Fat chance of promotion for women – while overweight men rewarded
BEING fat is fine for men in the business world, but it might just weigh down women's prospects for promotion, research suggested yesterday.
A study found that being overweight further reinforced the glass ceiling faced by women trying to reach the top.
But for men, a larger waistline seemed to enhance their chances of entering the boardroom.
The study, published in the British journal Equal Opportunities International, focused on the bosses of 1,000 leading companies in the United States.
Photographs of these individuals were assessed by experts, including medical professionals who were able to accurately estimate people's weight.
The researchers found that only 5 per cent of men and women bosses at top companies were classed as obese – lower than the US average of 36 per cent of men and 38 per cent of women of a similar age.
But the study did find that up to 61 per cent of the leading male bosses were overweight – higher than the US average of 41 per cent in this age group – indicating that overweight men were over-represented in high positions in the business world.
In contrast, only 22 per cent of women chief executives were overweight, compared with the US average of 29 per cent in this female age group.
Researcher Mark Roehling, an associate professor of human resource management at Michigan State University, said that the attitudes appeared to contribute to the glass ceiling.
"The results suggest that while being obese limits the career opportunities of both women and men, being 'merely overweight' harms only female executives – and may actually benefit male executives."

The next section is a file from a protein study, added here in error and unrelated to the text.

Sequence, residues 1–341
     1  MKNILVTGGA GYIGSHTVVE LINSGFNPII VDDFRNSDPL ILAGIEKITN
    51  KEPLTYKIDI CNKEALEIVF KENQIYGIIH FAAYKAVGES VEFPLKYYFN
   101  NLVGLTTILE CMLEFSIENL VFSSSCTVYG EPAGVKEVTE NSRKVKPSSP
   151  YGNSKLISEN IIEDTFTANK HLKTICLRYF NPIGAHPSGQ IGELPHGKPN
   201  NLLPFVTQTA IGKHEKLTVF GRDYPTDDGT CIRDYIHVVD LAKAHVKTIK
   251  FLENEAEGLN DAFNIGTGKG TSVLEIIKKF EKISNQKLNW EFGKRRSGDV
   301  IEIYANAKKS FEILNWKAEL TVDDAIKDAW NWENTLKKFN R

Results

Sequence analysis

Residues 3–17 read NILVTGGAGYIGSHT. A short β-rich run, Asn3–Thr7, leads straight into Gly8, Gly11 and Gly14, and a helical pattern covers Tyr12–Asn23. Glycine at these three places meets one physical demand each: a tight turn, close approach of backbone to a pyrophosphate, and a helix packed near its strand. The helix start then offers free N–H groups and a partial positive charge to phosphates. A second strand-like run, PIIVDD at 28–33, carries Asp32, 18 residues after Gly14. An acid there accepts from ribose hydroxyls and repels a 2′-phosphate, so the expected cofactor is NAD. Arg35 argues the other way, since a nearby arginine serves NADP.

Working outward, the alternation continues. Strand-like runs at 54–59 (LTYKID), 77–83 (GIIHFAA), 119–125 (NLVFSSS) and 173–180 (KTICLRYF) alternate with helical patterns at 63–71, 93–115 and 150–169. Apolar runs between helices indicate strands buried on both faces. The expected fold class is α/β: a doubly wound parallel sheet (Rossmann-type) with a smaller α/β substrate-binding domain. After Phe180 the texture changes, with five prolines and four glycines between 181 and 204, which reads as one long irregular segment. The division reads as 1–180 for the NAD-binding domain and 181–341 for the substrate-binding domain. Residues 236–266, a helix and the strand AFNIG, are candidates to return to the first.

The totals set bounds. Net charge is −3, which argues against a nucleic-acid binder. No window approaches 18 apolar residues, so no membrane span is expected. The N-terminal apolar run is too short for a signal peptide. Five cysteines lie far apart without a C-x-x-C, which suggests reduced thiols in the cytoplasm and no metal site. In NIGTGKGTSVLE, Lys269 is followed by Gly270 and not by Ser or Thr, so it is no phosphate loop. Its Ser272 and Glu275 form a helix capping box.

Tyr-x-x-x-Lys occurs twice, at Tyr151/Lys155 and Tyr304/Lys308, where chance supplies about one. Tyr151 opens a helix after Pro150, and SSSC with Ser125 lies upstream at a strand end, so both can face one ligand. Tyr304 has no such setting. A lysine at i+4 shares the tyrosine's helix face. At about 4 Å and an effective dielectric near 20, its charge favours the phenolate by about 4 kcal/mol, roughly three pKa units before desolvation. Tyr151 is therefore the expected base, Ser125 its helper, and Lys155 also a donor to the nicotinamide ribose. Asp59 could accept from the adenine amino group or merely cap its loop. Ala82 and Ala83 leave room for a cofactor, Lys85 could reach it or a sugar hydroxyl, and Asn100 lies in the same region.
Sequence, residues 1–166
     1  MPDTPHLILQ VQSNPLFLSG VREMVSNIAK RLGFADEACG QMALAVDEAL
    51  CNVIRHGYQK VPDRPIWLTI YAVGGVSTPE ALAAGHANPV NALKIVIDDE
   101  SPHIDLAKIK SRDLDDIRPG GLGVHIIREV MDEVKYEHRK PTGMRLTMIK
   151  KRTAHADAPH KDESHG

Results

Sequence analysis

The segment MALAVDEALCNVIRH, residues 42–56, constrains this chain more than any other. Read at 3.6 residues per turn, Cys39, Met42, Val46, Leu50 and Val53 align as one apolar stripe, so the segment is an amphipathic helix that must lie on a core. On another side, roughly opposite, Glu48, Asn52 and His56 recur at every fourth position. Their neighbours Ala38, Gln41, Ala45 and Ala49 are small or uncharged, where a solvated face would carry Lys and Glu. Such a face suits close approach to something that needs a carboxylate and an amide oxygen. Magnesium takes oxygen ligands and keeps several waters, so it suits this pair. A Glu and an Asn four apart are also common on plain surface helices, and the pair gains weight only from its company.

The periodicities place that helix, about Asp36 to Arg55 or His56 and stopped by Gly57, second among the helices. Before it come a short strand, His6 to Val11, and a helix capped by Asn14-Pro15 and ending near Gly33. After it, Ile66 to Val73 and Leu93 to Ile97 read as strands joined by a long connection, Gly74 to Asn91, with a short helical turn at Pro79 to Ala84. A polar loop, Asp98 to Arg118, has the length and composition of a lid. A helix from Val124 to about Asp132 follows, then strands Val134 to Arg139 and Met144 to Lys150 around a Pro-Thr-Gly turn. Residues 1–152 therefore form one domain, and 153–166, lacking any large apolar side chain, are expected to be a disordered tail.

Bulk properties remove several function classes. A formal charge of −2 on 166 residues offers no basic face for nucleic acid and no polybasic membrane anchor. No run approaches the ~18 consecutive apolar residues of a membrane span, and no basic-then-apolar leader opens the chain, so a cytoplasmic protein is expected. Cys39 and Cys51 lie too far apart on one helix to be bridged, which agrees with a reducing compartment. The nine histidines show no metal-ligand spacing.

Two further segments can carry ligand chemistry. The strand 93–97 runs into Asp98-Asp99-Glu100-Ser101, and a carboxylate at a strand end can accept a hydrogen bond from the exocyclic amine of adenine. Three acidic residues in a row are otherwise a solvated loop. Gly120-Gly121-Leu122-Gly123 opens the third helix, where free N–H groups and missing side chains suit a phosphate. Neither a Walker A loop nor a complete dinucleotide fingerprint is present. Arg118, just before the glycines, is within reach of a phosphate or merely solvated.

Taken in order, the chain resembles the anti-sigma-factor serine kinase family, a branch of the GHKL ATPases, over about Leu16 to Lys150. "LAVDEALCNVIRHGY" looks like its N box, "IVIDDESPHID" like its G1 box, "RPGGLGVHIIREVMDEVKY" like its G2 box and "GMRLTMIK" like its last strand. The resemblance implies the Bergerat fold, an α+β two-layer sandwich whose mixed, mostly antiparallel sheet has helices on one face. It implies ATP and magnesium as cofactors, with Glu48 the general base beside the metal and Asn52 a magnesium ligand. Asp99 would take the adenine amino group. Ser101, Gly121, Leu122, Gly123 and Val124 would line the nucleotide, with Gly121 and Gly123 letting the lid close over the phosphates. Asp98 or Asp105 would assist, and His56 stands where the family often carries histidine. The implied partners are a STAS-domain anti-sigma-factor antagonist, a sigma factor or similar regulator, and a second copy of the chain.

The results echo previous research showing that among white, middle-class communities, women faced "harsher weight standards" than men, Prof Roehling said.
The latest research is the first to focus on the potential effect of weight on career advancement to the highest levels of management.
Prof Roehling said the results reflected a greater tolerance – and possibly even a preference – for larger sizes in men, but smaller-sized women.
"It appears that the glass ceiling effect on women's advancement may reflect not only general negative stereotypes about the competencies of women, but also weight bias that results in the application of stricter appearance standards to women."
Tam Fry, chair of the Child Growth Foundation and a National Obesity Forum board member, said previous cases had highlighted weight discrimination against overweight women.
This included an obese woman who was not allowed to emigrate to New Zealand because of her size, and concerns raised over the potential burden on health services.
Mr Fry said with the financial crisis leading to redundancies, more emphasis could also be put on weight in the jobs market.
"There are now so many people going for the same job because so many have been laid off," he said.
"Unless an overweight candidate is particularly well qualified for the job, it is more likely to go to the slimmer, more attractive candidate. It is an employers' market at the moment."
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